First is a live set recorded on 11/11/2010 at the Chapel of the Holy Innocents at Bard College in Annandale-on-Hudson, NY. The trio is Moore and Bill Nace playing guitar and Chris Corsano on drums in a single, continuous, improvised set just shy of 50 minutes in length. It starts quietly, electronic creaks and beeps bubble and skitter over softly scattering snares and cymbals. Slowly but surely the set becomes more manic, more unhinged. Processed, pedal heavy high end guitar noises becomes more insistent: a distant, mangled siren call, the cheeping of robotic sparrows, an undulating metallic hum and the methodical, plodding drumming of Corsano all become almost hypnotic. The set trades off, some moments of spooky calm, others of skronking, noisy mayhem. About halfway through a wall of static shoots through the sound and ushers in the second act. It starts off full of low end menace and mutilated radio static, delves into near drone-like territory, slowly builds into something massive and vicious, a snarling tangle of roaring static, pulsating feedback, desperate air-raid siren calls, lumbering, thudding drums buried beneath. Finally things shift again and it sounds like a field recording from a inside some insane garage with never before seen power tools whirring away, chewing up metal until in the final minutes the machines start to collapse, belts fly off wheels, gear and cogs slip and grind until, at the very moment of total collapse, everything is reigned in and in a bubbling, pinging woosh, it ends. Easily one of the best live performances I've seen this year! Thanks to Goro for recording.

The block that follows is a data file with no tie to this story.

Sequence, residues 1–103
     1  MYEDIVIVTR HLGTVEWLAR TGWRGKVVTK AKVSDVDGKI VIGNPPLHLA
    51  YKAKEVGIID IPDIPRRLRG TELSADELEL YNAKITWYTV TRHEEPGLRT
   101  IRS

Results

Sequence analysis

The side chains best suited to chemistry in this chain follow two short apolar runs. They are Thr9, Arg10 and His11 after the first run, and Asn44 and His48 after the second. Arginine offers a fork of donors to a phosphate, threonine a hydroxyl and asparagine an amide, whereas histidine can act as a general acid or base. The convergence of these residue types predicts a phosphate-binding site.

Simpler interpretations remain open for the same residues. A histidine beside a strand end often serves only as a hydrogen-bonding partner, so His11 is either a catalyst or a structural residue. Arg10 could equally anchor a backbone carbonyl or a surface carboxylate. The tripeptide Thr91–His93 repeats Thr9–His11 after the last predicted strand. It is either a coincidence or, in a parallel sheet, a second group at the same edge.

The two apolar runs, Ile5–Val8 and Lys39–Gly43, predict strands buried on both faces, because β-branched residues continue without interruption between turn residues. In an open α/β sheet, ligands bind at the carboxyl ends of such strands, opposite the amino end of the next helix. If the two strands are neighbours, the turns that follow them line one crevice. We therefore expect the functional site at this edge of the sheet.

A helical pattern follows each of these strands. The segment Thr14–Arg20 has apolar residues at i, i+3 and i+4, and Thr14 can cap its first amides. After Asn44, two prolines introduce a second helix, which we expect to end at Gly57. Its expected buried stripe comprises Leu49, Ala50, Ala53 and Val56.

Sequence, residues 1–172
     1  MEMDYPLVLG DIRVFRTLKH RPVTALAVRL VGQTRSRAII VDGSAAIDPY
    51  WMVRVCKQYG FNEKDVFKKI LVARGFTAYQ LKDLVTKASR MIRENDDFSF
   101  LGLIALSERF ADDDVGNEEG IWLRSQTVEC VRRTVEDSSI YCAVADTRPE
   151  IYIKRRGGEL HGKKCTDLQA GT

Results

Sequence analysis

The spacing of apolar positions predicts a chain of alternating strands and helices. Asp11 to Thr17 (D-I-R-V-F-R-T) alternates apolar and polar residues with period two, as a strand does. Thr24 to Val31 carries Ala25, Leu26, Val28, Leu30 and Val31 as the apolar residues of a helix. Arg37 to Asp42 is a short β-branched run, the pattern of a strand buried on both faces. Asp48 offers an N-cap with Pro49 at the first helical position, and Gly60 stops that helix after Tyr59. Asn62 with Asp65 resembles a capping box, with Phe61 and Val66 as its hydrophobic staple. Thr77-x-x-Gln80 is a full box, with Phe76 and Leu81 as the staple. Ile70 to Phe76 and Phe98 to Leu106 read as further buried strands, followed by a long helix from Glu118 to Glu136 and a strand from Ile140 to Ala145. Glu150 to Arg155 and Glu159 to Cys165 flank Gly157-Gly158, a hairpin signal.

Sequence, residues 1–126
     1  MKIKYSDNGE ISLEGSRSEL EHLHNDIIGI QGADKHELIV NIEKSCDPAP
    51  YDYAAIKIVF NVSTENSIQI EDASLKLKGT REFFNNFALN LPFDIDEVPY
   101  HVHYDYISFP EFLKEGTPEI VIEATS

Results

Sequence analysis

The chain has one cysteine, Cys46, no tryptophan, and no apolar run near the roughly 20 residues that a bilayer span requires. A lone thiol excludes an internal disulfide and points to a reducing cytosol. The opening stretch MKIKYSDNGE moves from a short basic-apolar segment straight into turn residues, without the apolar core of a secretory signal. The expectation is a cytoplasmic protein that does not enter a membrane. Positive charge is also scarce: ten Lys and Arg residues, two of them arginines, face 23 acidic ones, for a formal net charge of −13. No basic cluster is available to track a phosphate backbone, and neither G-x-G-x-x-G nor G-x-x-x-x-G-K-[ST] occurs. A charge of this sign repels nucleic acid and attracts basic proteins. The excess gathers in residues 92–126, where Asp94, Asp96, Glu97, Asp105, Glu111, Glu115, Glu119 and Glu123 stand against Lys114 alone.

Live @ Chapel of the Holy Innocents Download
(note: Bill Nace is erroneously listed as Ben Nace in the tag. Didn't realize this until after it was uploaded. Change at your discretion).

Next is "Courtney Love Killed da Cobain" again featuring Moore and Bill Nace on guitar this time with Paul Flaherty on alto and tenor sax. Similarly awesome, perhaps a little more out of control than the above set. Somehow Corsano's methodical drumming had a propulsive effect and drove the piece above forward. Here there are no boundaries. It certainly doesn't suffer for it but it's a very different listening experience. Three tracks in increasing length (3:38, 24:23, and 40:45)  making it a good 15-20 minutes longer. It's brilliant but an exhausting listening experience. Flaherty's sax pierces and jabs, skreeing over searing high end guitar feedback and chugging, pummeling low end reverb. The soundtrack to society collapsing, perhaps? Completely brilliant!
Courtney Love Killed da Cobain download